The point here is that while the concept of OEs is nothing new, the recent surge in open edition drops is creating an exciting new wave.

Why would an artist choose to drop an open edition?

Each creator will have their reasoning for choosing a drop style over another, but there are several reasons why OEs are gaining popularity. One of the main motivations centers around accessibility.

Since the art has an unlimited quantity for a given period of time, the prices of these artworks are generally set at a lower price. Because of this, OEs are a proven way to make digital art more accessible to a broader portion of the community.

While OEs are currently moving large sums, the concept of this type of art is shifting the focus back to the artistic side of digital collectibles. Of course, there are plenty of people who want to flip their collectibles for profit, but there’s a growing tide of enthusiasts who see OEs as an entry into collecting digital art without the financial tunnel vision.

What do artists think about open editions?

The short answer is there is a mixed bag of reactions. Many artists are proponents of open editions and see this style of mint as a viable way to expand artistic recognition without a massive price tag.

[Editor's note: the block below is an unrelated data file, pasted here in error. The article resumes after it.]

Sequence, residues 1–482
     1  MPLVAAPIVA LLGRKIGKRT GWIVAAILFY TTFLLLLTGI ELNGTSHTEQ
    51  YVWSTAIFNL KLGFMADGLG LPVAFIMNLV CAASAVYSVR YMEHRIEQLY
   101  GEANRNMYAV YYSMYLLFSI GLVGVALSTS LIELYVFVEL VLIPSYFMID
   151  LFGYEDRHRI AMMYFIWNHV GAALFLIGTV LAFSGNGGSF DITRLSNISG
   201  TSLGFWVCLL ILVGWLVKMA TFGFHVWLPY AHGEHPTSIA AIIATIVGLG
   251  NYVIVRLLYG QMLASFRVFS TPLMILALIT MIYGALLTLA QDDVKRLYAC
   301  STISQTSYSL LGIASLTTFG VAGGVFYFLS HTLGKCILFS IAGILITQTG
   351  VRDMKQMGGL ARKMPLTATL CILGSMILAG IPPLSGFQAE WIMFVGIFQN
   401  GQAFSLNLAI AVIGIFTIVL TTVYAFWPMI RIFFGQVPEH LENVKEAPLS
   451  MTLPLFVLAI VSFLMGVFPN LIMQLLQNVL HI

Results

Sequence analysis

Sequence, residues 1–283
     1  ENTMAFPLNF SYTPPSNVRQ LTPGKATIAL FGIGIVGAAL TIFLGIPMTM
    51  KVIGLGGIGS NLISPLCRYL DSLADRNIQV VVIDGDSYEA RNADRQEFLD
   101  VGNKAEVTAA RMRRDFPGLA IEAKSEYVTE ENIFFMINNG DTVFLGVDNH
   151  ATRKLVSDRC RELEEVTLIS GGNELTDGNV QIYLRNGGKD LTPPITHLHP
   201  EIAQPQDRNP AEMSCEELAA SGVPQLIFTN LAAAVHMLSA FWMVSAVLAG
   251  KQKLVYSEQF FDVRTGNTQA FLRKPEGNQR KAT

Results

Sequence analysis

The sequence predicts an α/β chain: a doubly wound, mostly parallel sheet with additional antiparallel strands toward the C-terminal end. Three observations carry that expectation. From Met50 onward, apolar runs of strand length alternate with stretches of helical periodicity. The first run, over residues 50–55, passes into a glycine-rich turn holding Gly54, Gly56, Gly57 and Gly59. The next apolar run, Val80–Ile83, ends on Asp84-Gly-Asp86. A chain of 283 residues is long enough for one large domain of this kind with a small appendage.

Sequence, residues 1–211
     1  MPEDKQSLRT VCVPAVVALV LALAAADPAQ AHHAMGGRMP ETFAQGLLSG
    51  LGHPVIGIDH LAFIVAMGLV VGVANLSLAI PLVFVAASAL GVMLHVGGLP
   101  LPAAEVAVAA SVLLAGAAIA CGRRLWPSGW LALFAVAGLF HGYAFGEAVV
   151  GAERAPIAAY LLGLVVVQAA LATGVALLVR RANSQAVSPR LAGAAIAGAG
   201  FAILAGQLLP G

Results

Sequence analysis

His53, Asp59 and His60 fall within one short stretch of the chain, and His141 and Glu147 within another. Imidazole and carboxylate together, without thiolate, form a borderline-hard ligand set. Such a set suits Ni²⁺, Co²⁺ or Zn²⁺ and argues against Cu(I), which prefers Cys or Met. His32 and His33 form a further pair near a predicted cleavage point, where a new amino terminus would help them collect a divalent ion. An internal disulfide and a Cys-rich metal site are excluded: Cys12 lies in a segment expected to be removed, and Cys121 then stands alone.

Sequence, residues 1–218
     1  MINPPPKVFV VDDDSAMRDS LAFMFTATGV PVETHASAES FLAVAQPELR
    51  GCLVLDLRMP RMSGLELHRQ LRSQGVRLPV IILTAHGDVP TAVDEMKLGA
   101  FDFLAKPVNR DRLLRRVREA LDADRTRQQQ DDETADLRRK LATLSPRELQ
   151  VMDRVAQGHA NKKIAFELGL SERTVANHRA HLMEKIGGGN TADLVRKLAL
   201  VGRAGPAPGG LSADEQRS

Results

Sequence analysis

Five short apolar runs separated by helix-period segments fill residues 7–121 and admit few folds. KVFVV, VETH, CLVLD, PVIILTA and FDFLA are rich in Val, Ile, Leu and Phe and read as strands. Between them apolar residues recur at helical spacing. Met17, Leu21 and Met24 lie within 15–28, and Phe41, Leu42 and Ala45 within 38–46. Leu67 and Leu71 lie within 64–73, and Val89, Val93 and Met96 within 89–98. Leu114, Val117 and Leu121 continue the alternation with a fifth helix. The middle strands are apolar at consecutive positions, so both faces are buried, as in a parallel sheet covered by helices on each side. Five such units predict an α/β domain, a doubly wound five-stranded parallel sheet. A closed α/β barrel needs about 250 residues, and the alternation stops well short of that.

Other artists also see OEs as a way to diversify the space and art.

Instead of focusing solely on one type of collection or mint, artists can use the OE wave to explore new territory and expand into a wider audience. It's a method that helps both the collector and the creator rather than making a collection that the community might see as a cash grab.

Perhaps unsurprisingly, there is a portion of artists who do not see OEs in the same positive light. Wale.swoosh, recently dropped a thread on Twitter that was not necessarily anti-OEs but instead saw them as a meta(trend) that will eventually dip in popularity.

His take was not to disparage artists making OEs or to say that this style of digital collectible is inherently wrong; instead, he thinks it is a creative movement that will eventually lose steam.